The warnings were repeated time and time again. Watch out for the New York press. Look out for those New York traps. Full-court pressure defense, as everyone plainly understood, was Rick Pitino's personal bogeyman, ready to spook the most comfortable of NBA dynasties on a moment's notice.
How's this for a scare? With 3:32 to play in the third quarter last night, the New York Knicks led the Boston Celtics, 74-71. And they had not pressed the home team once.
"One thing we wanted to do early in the year was to get that press ready for fatigue, back-to-back games, the surprise element," said Pitino. "But our man defense was so good in the first half, we had no reason to go to it.
"I have too much respect for the Boston coaching staff and their personnel to think they couldn't stop our press. They had too much time to prepare."
Winning without the press? At that magical 3:32 mark of the third quarter, seemingly it could be done. New York's half-court man defense was both solid and bothersome. The team was denying the ball, doubling low, picking up the cutters. The Celtics' offense looked disjointed, ragged, jumbled.
The Knicks couldn't have hoped for anything better.
But Pitino has another bogeyman following him, and this one tends to turn on his team at the worst possible moments. This demon has yet to be tamed by Patrick Ewing & Co. through a long NBA season.
When, oh when, will the guys from New York learn to shoot the ball?
Exhibit A: A 38.5 percentage from the floor in the second half.
Exhibit B: Nine consecutive misses starting right after that 3:32 mark, during which time Boston ripped off a nifty 13-1 run that sent the visitors into a nosedive.
Exhibit C: Ewing did not score a basket in the final 17:01. "Shooter" Johnny Newman was 3 for 13. Floor general Mark Jackson was little better at 4 for 11.
"I wouldn't say they shut us down," said Ewing, who finished with 16 points, "but a good team should rely on its defense to generate the offense. Tonight Boston played better defense than we did."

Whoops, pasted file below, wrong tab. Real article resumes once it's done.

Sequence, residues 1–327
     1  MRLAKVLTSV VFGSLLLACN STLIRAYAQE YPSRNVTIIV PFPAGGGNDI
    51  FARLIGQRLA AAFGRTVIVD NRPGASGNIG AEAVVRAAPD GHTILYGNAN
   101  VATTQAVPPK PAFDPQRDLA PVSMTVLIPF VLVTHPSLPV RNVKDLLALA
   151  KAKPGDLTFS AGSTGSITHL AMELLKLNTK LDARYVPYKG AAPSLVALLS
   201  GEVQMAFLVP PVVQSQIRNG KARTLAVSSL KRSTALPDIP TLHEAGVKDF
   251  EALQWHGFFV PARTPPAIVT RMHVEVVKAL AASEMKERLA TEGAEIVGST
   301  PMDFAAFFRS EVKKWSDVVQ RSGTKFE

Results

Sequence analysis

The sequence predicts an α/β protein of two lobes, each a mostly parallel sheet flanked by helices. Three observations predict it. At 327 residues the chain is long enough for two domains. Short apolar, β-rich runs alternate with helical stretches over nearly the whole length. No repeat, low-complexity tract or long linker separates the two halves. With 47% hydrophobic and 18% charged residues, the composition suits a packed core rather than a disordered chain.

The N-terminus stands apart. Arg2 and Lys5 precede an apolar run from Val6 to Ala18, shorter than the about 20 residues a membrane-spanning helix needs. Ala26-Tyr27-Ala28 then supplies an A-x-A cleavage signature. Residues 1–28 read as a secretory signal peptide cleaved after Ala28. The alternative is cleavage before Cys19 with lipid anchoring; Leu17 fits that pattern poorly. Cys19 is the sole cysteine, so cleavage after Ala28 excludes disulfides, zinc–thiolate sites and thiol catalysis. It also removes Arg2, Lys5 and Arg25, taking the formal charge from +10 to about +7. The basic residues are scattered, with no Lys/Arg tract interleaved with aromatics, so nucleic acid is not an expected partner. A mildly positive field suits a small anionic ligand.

It has been the custom with New York to play end-to-end for much of the game, but certainly when the Knicks need to play catch-up, the press is a natural weapon. The Knicks found themselves in a precarious position in the final 3 1/2 minutes of the third and a good part of the fourth quarter. How can you press if you can't set it up? How can you set it up if you can't score?
"Scoring has been one of our weaknesses all year," said Pitino. "Even when our press has been going great, we've never been able to get it on enough times. We've had to learn to work around that."
The lesson did not go particularly well at the most critical juncture of this game. The 13-1 Boston run grew to a 17-3 run, then a 21-3 run, then a 27-5 run and, by the time some semblance of order was restored, the Celtics were up by 20 and cruising to a W in the opening game of this best-of-five playoff series.
"We were in a pretty good situation for a time," said forward Bill Cartwright. "We had our opportunities. We'd make a good defensive play, then throw it away down the other end. It's a matter of taking better care of the ball. We just have to understand what's happening out there and when to slow it down."
They are a young bunch, this New York team, and only one starter in the lot (Sidney Green) had a day of playoff experience before last night. So maybe that's it?
"That's got nothing to do with it," bristled Jackson, a rookie. "Boston has done the same thing against teams with lots of veterans on it.
"We didn't come here just to hang with them. We came out of this game knowing we can play with them, knowing we can beat them."
Winning without the press? Maybe. But it hasn't been done yet.